<h2>International Students at Indiana University</h2>
<h3>1891-2020</h3>
<p> The story of how Indiana University became a cosmopolitan hub</p>
<img src=“https://www.flickr.com/photos/145186649@N02/40476943830/in/album-72157668798008468/”>
<p>Courtesy of IU Archives, P0077325</p>
<p>Students arrive from Thailand in 1957</p>
<h3>1891</h3>
<h4>The Foundations of International Education</h4>
<p>The first international students to study at IU were students from England and Canada during the mid-19th century. The first non-European was presumably Tekekuma Okada of Japan, who graduated in 1891.</p>
<img src=“https://flic.kr/p/26TYemN”>
<p>Courtesy of IU Archives, P0023151</p>
<p>Tekekuma Okada, 1891</p>
<h3>1916</h3>
<h4>The Foundations of International Education </h4>
<p>The IU chapter of the Cosmopolitan Club is established. The club's main goal was to promote contacts between international and American students. Upon establishment, it represented the 12 international students who studied at IU in 1916. The club's heydays were during the 1950s and 1960s; it would stop operating at the end of the 1970s.</p>
<img src=“https://www.flickr.com/photos/145186649@N02/41108141755/in/album-72157668798008468/”>
<p>Courtesy of IU Archives, P0054058 </p>
<p>Cosmopolitan Club, 1921</p>
<h3>1924</h3>
<h4>The Foundations of International Education </h4>
<p>Since the mid-1920s, Professor Flora Anderson of the Botany department served as advisor to foreign students. This position would grow in influence over the next few decades and would be responsible for many policies that made IU a home for a growing international student population.</p>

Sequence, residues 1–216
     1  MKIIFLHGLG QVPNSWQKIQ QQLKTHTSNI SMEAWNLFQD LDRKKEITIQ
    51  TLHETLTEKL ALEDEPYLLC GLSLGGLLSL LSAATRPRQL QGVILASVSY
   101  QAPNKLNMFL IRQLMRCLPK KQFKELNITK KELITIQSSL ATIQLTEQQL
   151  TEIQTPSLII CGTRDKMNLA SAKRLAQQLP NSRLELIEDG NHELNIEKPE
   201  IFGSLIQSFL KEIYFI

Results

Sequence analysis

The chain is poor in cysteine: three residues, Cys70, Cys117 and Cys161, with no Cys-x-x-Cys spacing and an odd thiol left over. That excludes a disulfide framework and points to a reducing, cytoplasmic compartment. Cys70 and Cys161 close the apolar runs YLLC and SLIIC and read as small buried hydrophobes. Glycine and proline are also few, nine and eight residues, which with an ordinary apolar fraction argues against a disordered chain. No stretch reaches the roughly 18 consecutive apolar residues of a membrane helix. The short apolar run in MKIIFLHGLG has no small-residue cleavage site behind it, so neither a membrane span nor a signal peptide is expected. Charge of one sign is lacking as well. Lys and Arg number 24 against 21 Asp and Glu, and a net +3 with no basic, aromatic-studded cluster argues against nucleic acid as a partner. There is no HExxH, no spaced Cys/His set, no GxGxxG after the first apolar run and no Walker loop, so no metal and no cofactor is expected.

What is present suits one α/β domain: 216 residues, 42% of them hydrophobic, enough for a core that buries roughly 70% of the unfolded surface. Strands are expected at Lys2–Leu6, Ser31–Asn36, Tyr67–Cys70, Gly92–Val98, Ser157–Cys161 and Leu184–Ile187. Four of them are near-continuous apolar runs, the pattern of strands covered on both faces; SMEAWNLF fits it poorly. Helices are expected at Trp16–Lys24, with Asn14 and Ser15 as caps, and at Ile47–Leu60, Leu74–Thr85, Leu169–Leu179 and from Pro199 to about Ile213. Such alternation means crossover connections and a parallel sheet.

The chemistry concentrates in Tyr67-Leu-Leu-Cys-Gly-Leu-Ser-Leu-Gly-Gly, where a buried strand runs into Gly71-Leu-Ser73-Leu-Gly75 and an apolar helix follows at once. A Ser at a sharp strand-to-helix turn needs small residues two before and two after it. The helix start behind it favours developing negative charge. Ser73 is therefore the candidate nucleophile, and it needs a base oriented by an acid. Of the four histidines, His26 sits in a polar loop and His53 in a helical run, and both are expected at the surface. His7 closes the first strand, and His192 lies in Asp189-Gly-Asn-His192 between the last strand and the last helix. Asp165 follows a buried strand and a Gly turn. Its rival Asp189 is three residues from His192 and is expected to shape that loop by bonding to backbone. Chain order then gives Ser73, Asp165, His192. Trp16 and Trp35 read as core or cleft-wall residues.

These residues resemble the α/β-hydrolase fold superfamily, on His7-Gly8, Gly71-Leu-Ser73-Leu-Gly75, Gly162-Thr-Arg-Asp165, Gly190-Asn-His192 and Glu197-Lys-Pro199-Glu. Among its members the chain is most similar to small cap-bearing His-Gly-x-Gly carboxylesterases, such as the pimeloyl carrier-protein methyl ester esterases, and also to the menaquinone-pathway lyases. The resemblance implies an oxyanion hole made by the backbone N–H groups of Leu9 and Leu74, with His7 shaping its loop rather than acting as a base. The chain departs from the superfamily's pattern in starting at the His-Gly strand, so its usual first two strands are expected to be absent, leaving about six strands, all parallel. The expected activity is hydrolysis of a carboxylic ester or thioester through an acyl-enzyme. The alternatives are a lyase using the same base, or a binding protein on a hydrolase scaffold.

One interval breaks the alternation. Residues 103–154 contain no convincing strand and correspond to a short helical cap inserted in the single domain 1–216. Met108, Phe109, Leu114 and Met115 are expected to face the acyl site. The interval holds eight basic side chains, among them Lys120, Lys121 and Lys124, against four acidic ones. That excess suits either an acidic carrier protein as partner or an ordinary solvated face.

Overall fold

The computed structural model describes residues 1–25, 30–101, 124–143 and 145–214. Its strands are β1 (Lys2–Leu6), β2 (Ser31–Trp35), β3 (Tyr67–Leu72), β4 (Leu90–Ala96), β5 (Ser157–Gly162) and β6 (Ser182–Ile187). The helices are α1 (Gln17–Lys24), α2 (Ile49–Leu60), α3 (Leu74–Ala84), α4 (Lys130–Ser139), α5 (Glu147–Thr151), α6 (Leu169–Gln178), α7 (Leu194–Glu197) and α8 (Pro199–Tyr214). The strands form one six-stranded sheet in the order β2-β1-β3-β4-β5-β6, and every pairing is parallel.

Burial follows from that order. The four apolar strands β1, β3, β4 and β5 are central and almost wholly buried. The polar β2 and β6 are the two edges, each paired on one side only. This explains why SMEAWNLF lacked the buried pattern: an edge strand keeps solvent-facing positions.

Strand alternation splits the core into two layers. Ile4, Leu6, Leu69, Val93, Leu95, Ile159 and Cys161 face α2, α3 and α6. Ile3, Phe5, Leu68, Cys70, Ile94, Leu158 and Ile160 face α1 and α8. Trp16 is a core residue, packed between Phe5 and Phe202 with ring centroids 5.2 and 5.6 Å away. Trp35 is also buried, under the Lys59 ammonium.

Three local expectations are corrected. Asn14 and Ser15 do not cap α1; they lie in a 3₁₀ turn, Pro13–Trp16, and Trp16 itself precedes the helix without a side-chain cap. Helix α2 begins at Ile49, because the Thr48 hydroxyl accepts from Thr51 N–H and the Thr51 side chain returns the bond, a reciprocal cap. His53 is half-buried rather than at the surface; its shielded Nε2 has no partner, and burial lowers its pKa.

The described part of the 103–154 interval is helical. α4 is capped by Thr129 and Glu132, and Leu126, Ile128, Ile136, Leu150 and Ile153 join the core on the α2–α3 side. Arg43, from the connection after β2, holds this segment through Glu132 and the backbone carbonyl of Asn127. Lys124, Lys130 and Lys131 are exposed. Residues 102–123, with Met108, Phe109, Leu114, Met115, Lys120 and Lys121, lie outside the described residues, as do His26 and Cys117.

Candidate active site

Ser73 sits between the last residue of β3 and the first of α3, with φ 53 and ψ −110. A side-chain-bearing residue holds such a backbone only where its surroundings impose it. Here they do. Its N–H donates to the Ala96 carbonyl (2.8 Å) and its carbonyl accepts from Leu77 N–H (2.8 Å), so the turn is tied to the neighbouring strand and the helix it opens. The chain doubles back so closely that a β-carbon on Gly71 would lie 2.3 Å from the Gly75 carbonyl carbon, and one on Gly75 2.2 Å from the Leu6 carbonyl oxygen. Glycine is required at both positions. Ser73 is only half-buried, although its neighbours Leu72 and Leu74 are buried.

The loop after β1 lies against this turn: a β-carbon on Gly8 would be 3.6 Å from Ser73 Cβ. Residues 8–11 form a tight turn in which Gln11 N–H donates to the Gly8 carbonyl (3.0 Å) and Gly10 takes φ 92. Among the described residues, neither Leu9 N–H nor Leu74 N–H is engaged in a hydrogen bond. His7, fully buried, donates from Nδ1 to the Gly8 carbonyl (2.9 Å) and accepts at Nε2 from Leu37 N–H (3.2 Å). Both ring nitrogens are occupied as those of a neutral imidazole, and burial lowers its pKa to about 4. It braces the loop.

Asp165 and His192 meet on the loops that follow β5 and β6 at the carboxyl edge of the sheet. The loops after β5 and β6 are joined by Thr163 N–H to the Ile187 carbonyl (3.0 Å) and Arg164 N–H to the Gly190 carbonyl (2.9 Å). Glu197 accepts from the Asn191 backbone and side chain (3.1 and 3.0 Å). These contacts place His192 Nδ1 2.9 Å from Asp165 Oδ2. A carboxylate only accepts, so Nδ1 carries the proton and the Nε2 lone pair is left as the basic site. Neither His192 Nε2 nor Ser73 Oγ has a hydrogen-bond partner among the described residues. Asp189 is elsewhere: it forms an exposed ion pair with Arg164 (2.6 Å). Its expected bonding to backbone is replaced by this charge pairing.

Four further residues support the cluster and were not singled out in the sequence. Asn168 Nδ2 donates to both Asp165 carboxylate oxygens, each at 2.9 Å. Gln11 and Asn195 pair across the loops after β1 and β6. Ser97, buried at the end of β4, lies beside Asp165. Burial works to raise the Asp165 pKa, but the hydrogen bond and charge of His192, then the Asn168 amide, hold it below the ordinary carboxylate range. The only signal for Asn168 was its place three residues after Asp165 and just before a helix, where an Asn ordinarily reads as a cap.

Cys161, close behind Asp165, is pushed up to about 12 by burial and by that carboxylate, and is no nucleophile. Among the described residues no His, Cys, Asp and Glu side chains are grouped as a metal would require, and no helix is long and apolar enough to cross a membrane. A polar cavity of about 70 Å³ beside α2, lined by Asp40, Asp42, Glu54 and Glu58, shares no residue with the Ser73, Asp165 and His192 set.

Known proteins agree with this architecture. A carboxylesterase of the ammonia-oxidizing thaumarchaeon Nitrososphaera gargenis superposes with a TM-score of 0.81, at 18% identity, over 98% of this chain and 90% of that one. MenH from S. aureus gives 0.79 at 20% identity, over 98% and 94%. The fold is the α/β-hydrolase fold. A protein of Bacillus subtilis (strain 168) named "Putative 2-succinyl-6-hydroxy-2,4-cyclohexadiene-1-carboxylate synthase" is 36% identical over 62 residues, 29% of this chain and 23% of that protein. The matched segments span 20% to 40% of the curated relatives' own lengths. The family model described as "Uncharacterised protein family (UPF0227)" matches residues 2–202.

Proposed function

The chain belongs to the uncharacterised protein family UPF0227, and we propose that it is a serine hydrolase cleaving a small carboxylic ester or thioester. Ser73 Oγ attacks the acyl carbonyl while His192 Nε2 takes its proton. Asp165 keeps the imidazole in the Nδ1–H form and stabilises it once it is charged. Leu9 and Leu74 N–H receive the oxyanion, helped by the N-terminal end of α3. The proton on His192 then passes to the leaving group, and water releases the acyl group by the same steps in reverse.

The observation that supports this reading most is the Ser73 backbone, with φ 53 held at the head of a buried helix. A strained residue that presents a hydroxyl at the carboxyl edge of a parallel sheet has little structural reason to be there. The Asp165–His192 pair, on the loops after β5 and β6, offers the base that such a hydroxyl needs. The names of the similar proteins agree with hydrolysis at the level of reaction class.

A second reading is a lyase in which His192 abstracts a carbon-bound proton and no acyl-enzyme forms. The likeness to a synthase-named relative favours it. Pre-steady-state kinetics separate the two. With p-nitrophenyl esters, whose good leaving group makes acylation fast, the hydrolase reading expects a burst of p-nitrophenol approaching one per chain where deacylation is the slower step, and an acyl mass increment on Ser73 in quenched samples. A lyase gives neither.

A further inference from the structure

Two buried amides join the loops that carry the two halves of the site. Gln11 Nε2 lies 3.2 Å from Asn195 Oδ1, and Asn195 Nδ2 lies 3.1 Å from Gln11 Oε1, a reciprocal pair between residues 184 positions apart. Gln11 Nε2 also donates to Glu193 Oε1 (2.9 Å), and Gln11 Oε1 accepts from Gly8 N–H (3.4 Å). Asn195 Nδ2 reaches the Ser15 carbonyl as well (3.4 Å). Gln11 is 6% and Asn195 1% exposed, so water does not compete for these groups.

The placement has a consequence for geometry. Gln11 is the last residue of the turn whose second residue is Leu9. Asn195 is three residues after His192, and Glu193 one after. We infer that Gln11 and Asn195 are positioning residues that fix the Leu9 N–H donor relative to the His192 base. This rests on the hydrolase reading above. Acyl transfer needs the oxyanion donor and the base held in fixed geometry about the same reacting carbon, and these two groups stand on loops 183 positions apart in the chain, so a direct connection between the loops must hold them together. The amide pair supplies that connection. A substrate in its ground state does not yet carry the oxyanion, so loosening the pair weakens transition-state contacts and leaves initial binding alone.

<img src=“https://flic.kr/p/28ytM7m”>
<p>Courtesy of IU Archives, P0020664</p>
<p>Professor Flora Anderson</p>
<h3>1943</h3>
<h4>Leo Dowling appointed counselor for Foreign Students</h4>
<p>Dowling was appointed counselor for foreign students by IU president Herman B Wells. He was tasked with leading IU's international expansion. He also focused on the needs and well-being of international students. During his service, the international student population at IU grew from around 50 to almost 2,000.</p>
<img src=“https://www.flickr.com/photos/145186649@N02/28410738128/in/album-72157668798008468/”>
<p>Courtesy of IU Archives, P0072851 </p>
<p>Leo Dowling</p>
<h3>1944</h3>
<h4>The International Education Revolution Starts</h4>
<p>When Dowling took office, there were 29 international students at IU. When he retired, there were almost 2,000. Today the number has surged to around 9,000.</p>
<img src=“https://flic.kr/p/MwEgkm”>
<p>Courtesy of Asher Lubotzky, 2018</p>
<p>IU Enrollment Trends 1943- 2016</p>
<h3>1957-1958</h3>
<h4>528 International Students</h4>
<p>International students constituted 2% of the total student body at IU. Top countries of origin in 1957: Thailand, Brazil, Philippines, Canada, Hungary, Korea, Taiwan, India, UK, Iraq and Egypt.</p>